About the Fee
In California, development impact fees are a normal way to help offset the burden that growth places on public infrastructure, including schools, parks, and transportation. The Westside Mobility Plan updates two specific plans that authorize the City to collect a transportation impact fee within the plan boundaries: the Coastal Transportation Corridor Specific Plan (CTCSP) and West Los Angeles Transportation Impact and Mitigation Plan (WLA TIMP). Prior to this updated plan, the fee only applied to new commercial development and exempted many other types of projects. Councilmember Bonin insisted that the new fee apply to a broader range of new development, including market-rate and luxury residential development. That change will significantly increase funding for transportation projects on the Westside. The fees for each development are based on trip generation rates and market conditions. These fees address cumulative transportation impacts and are above and beyond any mitigation required for individual development projects.
At Councilmember Bonin’s urging, the updated plan exempts 100% affordable housing projects from the fees, and includes a fee credit for developments that include affordable units. There is an additional credit for projects located within walking distance of the Expo Line and the Wilshire bus lanes.
About the Project Lists
Each project list includes a representative list of the types of multimodal investments that are eligible for funding. The list includes some specific projects, but also includes broad categories so that the City has the flexibility to respond to changing community needs and ongoing stakeholder input when deciding which projects to fund. Historically, funding has been used for projects ranging from signals and striping to street and bridge widening. For example, funding from the West LA TIMP was used to grade separate the Expo Line at Sepulveda and Sawtelle, making commutes faster both on the train and for those driving on the streets below. One of the largest projects included for funding in the CTCSP is widening Lincoln Boulevard between Playa Vista and Marina del Rey, a notorious bottleneck on the Westside. The updated list continues to include these types of projects, but also adds broader eligibility for neighborhood shuttle services, neighborhood traffic calming projects, projects to incentivize carpooling and trip reduction, sidewalk and pedestrian enhancements, bike share or bike paths, and more.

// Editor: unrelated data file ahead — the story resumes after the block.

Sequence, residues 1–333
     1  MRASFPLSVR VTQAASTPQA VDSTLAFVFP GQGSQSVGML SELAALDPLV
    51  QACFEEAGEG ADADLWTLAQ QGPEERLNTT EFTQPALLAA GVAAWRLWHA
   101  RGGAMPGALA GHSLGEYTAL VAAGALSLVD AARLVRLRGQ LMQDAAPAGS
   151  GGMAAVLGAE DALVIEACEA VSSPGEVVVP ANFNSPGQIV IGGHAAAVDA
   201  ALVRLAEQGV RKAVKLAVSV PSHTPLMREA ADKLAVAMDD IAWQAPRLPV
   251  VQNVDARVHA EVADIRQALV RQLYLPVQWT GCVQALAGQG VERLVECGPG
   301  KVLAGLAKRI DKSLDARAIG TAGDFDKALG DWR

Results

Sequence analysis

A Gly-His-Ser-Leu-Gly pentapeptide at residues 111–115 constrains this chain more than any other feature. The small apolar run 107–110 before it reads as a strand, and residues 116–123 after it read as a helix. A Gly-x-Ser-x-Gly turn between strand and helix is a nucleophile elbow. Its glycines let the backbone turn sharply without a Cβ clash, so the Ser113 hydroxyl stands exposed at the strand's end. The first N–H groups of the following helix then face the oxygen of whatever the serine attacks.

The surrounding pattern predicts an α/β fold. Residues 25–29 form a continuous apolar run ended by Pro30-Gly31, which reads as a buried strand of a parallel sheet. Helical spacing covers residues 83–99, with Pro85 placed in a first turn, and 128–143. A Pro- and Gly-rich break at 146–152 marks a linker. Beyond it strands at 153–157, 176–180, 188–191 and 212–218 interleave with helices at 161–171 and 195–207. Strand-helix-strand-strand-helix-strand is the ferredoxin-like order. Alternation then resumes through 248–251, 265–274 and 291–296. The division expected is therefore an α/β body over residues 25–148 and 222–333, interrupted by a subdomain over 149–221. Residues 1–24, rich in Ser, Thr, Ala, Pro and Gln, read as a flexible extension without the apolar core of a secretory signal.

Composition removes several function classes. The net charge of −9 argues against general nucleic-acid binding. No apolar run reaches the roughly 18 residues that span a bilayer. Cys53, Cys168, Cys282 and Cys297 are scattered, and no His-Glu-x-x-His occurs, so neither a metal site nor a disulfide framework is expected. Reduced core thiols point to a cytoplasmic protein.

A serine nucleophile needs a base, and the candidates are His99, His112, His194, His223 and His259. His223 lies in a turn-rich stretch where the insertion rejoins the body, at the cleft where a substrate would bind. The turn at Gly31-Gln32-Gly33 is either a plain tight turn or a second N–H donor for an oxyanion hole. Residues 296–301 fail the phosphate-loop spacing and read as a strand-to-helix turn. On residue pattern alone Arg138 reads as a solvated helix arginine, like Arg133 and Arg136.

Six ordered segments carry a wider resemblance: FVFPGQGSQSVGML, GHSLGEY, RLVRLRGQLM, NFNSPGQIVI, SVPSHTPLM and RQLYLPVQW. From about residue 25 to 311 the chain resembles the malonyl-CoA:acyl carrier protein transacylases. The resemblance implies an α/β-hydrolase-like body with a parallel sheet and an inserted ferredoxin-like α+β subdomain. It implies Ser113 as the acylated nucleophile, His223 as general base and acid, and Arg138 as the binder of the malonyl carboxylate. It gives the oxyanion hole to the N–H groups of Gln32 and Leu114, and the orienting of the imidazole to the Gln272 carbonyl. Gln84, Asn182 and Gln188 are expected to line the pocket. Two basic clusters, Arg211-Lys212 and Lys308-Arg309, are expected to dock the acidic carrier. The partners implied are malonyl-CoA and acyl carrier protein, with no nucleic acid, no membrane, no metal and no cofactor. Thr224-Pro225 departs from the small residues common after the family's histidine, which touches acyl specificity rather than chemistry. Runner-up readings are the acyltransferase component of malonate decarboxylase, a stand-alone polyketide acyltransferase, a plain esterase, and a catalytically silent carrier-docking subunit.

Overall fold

The Westside Mobility Plan does not approve or commit the City to any particular project. Each major project will require its own outreach and approval process. The Department of Transportation and the City Council office will work with community stakeholders to identify local priorities for funding.
About the Streetscape Plans
Residents and neighborhoods asked that the Westside Mobility Plan allow funds to be spent on streetscape projects on major corridors. As a result, the Westside Mobility Plan includes the Livable Boulevards Streetscape Plan, which supports beautification and improvement of several corridors on the Westside: Pico Boulevard, Venice Boulevard, Centinela Avenue, and Motor Avenue. Streetscape plans provide design guidance on street furniture, trees, landscaping, and other pedestrian amenities. These plans will guide public and private projects along these corridors by setting standards for tree species, street furniture style, pedestrian-scale lighting, and other improvements in the public right-of-way. The streetscape plans guide investments in the pedestrian realm (i.e. the sidewalk) and do not require the reconfiguration of any roadways. The streetscape plans were adopted by the Board of Public Works in May.
Projects in Brentwood (south of Sunset), Mar Vista (east of Centinela), West LA, Century City, and Westwood are eligible for funds from the West LA TIMP.
Projects in Mar Vista (west of Centinela), Venice, Del Rey, Westchester, Playa Vista, Playa del Rey, and the Marina Peninsula are eligible for funds raised through fees in the Coastal Transportation Corridor Specific Plan.